Book Review: Winger by Andrew Smith

 
Ryan Dean West is a fourteen-year-old junior at a boarding school for rich kids. He’s living in Opportunity Hall, the dorm for troublemakers, and rooming with the biggest bully on the rugby team. And he’s madly in love with his best friend Annie, who thinks of him as a little boy.

With the help of his sense of humor, rugby buddies, and his penchant for doodling comics, Ryan Dean manages to survive life’s complications and even find some happiness along the way. But when the unthinkable happens, he has to figure out how to hold on to what’s important, even when it feels like everything has fallen apart.

Filled with hand-drawn info-graphics and illustrations and told in a pitch-perfect voice, this realistic depiction of a teen’s experience strikes an exceptional balance of hilarious and heartbreaking.




Winger
By: Andrew Smith
Publisher: Simon & Schuster
Release Date: May 14th 2013
Reviewed: ARC

 Ive got to be honest, this is not my normal book genre. I never have been very much into the "young boy coming of age, teenage drama" type books. However "Winger" by Andrew Smith was a pleasant surprise. Now, that being said, most things you find in one those books is still here and if you are a fan of those types of stories, you dont need to worry. What I was impressed by was the authors ability to take stereotypical situations and make them seem real and plausible once again. I didnt feel like I was reading from cookie cutter sampler with new names and places.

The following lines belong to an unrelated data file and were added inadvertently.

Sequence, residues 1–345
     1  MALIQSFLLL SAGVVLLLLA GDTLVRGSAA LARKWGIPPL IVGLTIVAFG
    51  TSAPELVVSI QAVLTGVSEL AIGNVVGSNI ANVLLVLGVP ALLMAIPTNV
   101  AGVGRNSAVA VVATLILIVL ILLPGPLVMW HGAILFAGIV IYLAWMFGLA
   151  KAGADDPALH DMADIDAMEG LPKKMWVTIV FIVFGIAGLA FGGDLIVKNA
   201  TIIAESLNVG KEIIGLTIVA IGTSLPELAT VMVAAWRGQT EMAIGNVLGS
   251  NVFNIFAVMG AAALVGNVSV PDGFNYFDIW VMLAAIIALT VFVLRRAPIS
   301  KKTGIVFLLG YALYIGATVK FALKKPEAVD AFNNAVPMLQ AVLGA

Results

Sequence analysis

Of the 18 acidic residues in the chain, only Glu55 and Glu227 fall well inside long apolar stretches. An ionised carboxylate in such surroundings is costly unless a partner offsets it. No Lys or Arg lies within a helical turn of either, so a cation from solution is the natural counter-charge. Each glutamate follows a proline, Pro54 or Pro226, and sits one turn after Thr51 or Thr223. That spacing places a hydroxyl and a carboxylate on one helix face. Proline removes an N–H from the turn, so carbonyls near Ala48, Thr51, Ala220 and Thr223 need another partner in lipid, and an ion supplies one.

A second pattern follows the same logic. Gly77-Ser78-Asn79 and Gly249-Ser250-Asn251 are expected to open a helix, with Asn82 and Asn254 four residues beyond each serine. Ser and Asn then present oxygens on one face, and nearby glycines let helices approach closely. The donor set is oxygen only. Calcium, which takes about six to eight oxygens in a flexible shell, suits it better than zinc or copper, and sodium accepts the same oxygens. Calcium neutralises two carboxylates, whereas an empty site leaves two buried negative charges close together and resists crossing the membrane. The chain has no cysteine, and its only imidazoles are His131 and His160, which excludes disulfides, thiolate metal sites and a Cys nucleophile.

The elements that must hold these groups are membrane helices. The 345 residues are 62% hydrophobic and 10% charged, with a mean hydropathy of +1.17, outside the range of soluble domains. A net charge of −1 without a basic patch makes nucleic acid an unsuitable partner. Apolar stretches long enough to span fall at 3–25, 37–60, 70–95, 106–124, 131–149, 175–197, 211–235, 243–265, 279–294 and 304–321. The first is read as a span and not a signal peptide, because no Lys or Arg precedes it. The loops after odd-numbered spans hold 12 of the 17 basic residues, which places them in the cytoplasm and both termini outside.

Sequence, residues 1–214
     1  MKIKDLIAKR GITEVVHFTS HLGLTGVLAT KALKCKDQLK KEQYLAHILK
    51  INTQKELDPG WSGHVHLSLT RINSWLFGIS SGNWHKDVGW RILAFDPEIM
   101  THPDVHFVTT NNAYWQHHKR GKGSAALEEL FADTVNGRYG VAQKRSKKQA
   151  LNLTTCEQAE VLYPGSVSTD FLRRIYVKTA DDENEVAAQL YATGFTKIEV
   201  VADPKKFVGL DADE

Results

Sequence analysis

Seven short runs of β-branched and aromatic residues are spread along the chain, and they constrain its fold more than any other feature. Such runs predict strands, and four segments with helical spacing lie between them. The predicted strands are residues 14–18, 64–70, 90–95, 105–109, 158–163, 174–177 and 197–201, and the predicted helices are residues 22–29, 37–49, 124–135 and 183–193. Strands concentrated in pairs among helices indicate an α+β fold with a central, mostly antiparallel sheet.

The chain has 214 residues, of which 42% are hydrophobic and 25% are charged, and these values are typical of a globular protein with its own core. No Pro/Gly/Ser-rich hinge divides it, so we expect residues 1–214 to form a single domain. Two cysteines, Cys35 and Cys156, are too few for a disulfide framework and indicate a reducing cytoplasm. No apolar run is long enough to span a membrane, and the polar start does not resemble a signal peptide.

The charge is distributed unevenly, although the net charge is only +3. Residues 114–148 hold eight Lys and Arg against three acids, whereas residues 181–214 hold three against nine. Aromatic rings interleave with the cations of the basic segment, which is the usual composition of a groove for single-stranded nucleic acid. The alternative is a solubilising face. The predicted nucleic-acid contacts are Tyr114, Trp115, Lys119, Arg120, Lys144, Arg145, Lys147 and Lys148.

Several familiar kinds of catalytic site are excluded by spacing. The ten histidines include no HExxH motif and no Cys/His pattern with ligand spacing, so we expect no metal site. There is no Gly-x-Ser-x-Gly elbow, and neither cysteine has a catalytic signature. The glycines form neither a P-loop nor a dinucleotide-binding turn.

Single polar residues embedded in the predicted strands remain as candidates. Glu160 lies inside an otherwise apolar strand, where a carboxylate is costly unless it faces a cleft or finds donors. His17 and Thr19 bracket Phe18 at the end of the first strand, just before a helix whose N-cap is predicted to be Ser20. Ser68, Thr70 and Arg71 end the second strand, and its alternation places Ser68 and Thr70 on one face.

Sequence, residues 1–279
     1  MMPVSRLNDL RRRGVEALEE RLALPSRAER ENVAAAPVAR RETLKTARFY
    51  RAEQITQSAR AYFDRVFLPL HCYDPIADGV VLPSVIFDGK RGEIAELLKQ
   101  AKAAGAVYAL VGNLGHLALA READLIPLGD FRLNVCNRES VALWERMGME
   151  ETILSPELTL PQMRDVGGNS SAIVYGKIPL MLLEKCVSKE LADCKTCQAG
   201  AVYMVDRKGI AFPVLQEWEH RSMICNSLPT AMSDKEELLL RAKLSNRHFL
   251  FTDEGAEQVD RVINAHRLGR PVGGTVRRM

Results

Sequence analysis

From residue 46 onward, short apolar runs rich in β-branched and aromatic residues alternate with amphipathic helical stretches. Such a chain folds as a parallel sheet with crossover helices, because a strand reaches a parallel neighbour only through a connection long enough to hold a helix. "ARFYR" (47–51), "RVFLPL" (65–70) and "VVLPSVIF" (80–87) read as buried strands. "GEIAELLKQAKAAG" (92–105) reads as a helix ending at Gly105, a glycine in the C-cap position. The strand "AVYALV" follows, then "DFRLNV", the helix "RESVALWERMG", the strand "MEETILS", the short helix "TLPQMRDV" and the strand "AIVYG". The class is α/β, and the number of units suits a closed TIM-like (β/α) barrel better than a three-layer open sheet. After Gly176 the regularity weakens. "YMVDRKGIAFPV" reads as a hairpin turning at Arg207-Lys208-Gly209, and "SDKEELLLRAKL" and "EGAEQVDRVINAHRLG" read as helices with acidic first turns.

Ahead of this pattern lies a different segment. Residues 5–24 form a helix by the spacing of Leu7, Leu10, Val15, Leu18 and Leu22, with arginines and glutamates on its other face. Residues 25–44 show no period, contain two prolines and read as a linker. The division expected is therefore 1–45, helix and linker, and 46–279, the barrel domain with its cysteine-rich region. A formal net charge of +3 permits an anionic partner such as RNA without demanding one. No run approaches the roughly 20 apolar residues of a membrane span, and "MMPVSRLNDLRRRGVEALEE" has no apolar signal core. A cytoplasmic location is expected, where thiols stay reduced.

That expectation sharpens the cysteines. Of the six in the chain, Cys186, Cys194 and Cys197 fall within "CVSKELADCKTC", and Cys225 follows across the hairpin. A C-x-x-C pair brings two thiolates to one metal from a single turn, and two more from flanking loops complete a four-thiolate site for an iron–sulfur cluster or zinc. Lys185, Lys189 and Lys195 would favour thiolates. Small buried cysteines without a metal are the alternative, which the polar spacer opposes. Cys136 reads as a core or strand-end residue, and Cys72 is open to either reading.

One problem I did have with the book was how frequently the main character cussed in the beginning of the story. This trend fades as the story progresses but it felt a bit forced and was the only thing that derailed my focus when I first started reading. Everything else works really well however. The story of his love interest is refreshing and the stereotpyical "Bullies" in this book dont act in the same static uninteresting way most brutes do in stories like this. The author managed to give them depth and personalities and their own insecurities that make the reader sympathize with them at times. Most interesting of all however was the ending. Im not going to give anything away other than to say I was completely shocked.....and in the best way possible. The ending concretely takes this book away from any boring "creative box" this story could have been stuck in and it made me feel some pretty intense emotions that, at the end of everything, left me thinking "Ok, that was pretty darn good."

Its been a long time since I finished a book as quickly as this one and I was completely satisfied by the end of this quick paced story of a young man full of potential finding his place.

I give "Winger" Four out of Five Bookshelves





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